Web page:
Morning Call: What's behind the equity plunge?
In today's Saxo Morning Call our experts explore the causes of yesterday's tech sector rout that saw the Nasdaq hit a cycle low, and they also explain what the fallout may be across other asset classes.
"We had a big change of gear in forex markets yesterday day over further doubts on this US-North Korea summit, and whether it will take place," says John J Hardy, Saxo’s Head of Forex Strategy. South Korea, apparently, believes that US national security advisor John Bolten's recent comments are putting the North Koreans off the idea of meeting Trump.
The upshot of this is that risk appetite came off, for once more in FX than elsewhere with the JPY playing safe haven again. "The classic safe-haven pair is AUDJPY and a pretty major turnaround in a key position has put the bulls in a bad spot. JPY meanwhile, is higher across the board," Hardy says.
In the emerging markets space we've got continued weakness with a lot more focus on the most exposed currencies. There was a big ugly spike lower in TRY overnight, some people may fear that capital controls might happen," notes Hardy.
In Italy, what Hardy calls "the awkward coalition" has come up with their candidate for prime minister and the powerful president’s approval or non-approval could come as early today.
From an equities point of view the Eurozone PMIs could be today's most interesting event. "I would definitely watch those numbers and I wouldn’t be surprised to see a surprise to the downside," says Peter Garnry, Head of Equity Strategy at Saxo Bank. Turkish equities are down 2% in EUR terms and are now down to their lowest levels since July 2009. “This isn’t a time to be overweight EM equities,”says Garnry. Indeed, there’s some talk that Pakistan could be the next EM casualty – there are rumours it’s going to seek help from China or the IMF.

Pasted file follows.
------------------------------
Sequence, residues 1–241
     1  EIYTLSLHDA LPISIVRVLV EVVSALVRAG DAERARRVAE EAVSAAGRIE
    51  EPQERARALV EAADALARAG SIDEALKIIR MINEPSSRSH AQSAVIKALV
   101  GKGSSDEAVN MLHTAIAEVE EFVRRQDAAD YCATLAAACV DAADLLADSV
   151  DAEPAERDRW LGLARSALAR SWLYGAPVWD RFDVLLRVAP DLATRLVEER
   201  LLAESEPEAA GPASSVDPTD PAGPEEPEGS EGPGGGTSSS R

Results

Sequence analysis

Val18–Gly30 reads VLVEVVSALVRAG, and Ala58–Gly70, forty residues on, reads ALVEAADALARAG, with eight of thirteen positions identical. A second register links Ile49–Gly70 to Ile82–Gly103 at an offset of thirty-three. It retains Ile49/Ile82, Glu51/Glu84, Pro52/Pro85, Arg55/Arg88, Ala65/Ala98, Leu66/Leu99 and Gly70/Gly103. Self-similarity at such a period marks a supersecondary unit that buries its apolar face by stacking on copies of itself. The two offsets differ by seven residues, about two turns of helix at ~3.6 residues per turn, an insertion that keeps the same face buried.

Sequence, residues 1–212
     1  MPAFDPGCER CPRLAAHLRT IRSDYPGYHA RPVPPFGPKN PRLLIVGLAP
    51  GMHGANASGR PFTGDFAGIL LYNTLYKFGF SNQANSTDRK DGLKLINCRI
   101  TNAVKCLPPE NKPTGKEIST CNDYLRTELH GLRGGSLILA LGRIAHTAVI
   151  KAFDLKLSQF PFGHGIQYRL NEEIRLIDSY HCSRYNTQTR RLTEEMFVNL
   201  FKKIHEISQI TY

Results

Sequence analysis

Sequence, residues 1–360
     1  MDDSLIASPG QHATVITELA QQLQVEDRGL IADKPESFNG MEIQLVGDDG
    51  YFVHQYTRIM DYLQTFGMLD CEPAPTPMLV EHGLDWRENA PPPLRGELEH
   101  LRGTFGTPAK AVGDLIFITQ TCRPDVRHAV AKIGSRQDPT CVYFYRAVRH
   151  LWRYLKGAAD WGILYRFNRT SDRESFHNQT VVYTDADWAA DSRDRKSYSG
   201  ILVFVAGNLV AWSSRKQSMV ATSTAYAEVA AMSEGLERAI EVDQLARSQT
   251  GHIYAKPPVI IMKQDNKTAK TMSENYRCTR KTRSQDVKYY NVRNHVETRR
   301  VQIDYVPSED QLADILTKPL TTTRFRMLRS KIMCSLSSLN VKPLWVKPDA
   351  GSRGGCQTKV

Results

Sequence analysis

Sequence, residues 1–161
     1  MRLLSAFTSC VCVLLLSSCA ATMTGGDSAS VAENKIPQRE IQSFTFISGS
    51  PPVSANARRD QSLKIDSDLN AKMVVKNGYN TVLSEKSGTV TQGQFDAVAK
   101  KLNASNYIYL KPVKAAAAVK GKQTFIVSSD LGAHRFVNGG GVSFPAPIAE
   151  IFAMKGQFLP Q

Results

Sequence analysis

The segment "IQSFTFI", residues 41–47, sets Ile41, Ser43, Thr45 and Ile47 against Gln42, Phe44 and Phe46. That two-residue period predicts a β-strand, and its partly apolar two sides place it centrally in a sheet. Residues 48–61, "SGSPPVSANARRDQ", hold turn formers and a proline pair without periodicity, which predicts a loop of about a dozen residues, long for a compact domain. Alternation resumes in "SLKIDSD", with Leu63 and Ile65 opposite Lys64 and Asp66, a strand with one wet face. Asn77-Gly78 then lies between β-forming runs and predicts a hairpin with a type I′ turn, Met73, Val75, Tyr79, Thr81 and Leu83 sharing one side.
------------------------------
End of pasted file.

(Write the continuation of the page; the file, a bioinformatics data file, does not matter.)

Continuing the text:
"We have a small retracement going on in the oil market and on the charts we’ve had two shooting stars in recent days, suggesting that we’re seeing buyer fatigue above $80/barrel," says Ole Hansen, Saxo’s Head of Commodity Strategy. More importantly, the threatened US sanctions on Venezuela because of the reelection of the leftist president Maduro has investors speculating that Opec/Russia may agree to ease their production cuts at their June 23 meeting. "If prices do turn lower, it’ll be to the $77.50/b area," Hansen says
"All the focus at the moment is on EM and the fact that the US 10-yr yield is persistently above 3% is putting stress on EM bonds," says Althea Spinozzi, from Saxo’s bond trading desk. The weakness is playing out differently among various countries: Turkey has seen the yield on its 10-yr benchmark rise 230bps since the start of the month; Argentina says it won’t sell Eurobonds until 2019 and will instead seek a bailout from the IMF while South Africa is back on track after a huge selloff.